• I think he must be happy because he’s smiling.

Here we use must + bare / base infinitive to show that you are almost completely certain that something is true.

  • He’s looking at a website, so he could be looking for another job.

Here we have could + be + -ing to show possibility.

  • He looks injured. I reckon he might have broken his leg.

Here we use might + have + past participle to show possibility.

  • She seems tired, so I think she may have been working very hard today.

Here we have may + have + been + -ing to show possibility.

  • She can’t have slept enough last night because she looks tired.

We can use ‘can’t’ to show that you are almost completely certain that something is not true.

The first two examples are about the present. If you are taking the B2 First exam, you can impress the examiners by using modals of speculation in the present.

The last three examples are about the past. If you are taking the C1 Advanced exam, you can impress the examiners by using modals of speculation in the past.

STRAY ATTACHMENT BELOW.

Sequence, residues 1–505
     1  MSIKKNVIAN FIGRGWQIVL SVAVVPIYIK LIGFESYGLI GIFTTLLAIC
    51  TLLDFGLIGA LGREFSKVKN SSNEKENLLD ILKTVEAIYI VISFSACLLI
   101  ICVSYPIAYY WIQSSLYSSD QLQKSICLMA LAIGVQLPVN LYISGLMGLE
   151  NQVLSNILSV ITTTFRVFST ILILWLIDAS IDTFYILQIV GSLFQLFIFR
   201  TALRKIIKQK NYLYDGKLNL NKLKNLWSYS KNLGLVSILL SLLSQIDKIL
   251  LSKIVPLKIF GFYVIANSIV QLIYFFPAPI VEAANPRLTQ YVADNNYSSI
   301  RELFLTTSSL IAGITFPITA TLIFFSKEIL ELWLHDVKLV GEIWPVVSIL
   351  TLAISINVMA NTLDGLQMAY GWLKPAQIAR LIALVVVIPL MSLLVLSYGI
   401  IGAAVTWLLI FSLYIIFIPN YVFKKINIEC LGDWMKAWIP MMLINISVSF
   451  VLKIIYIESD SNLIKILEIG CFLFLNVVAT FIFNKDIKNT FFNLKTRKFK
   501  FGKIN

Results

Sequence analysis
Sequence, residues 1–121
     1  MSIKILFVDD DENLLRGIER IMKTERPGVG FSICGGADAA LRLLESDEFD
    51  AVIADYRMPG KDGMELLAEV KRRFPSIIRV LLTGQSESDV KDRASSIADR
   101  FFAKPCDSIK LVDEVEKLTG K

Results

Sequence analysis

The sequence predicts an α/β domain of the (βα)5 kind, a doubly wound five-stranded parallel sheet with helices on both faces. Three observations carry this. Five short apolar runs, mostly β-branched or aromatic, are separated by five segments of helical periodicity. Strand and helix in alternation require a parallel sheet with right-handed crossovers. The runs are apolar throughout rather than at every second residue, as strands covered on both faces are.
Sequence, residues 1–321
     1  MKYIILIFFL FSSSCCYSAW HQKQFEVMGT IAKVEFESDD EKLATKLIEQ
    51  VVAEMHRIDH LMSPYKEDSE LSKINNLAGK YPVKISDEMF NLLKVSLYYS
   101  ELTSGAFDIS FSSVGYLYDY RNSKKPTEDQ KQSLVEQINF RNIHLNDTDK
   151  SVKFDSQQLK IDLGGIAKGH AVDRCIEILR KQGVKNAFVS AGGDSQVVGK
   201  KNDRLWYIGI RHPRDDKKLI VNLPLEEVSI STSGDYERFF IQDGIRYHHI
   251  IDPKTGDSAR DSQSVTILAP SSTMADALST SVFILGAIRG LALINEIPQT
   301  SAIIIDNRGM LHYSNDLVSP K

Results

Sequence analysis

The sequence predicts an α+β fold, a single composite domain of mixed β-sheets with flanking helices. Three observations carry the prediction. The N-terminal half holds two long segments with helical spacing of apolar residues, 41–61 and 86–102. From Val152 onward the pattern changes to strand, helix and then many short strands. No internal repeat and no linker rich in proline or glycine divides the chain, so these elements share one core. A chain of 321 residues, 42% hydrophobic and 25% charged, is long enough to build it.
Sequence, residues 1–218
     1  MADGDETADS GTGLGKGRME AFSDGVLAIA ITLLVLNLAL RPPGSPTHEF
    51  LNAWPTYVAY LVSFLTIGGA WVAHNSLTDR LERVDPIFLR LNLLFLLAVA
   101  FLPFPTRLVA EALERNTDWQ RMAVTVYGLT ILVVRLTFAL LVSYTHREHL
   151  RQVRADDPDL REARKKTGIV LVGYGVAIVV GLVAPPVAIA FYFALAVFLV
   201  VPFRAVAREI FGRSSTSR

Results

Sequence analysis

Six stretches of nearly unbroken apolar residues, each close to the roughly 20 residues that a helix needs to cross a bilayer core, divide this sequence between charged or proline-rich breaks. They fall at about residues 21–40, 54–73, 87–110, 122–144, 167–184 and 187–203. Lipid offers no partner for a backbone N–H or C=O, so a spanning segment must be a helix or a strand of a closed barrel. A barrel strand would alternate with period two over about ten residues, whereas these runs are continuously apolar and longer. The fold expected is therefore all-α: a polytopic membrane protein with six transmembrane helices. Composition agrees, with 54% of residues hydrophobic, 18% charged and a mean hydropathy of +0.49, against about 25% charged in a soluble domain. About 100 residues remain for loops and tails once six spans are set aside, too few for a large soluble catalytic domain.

So, don’t be lost for words when you have to talk about photos in your Speaking exam. Speculate based on what you can see and use modals of speculation to do it.

For more information about studying General English, Cambridge Exam Preparation or IELTS Exam Preparation courses with Europeak Southampton or Eurospeak Reading, please contact us on:

Eurospeak Southampton
10 Cumberland Place
Southampton
Hampshire
SO15 2BH
+44 (0) 2380 636 494
hello@eurospeak.org.uk
www.eurospeak.org.uk

Eurospeak Reading
29a Chain Street
Reading
Berkshire
RG1 2HX
+44 (0) 1189 589 599
info@eurospeak.org.uk
www.eurospeak.org.uk